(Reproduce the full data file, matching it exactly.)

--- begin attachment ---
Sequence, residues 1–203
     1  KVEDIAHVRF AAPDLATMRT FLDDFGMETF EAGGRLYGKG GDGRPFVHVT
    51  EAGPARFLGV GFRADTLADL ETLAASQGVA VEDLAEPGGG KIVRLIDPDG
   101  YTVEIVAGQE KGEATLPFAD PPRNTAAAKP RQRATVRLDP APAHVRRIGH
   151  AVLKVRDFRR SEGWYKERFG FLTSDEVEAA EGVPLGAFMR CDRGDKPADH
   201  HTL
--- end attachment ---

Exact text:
Sequence, residues 1–203
     1  KVEDIAHVRF AAPDLATMRT FLDDFGMETF EAGGRLYGKG GDGRPFVHVT
    51  EAGPARFLGV GFRADTLADL ETLAASQGVA VEDLAEPGGG KIVRLIDPDG
   101  YTVEIVAGQE KGEATLPFAD PPRNTAAAKP RQRATVRLDP APAHVRRIGH
   151  AVLKVRDFRR SEGWYKERFG FLTSDEVEAA EGVPLGAFMR CDRGDKPADH
   201  HTL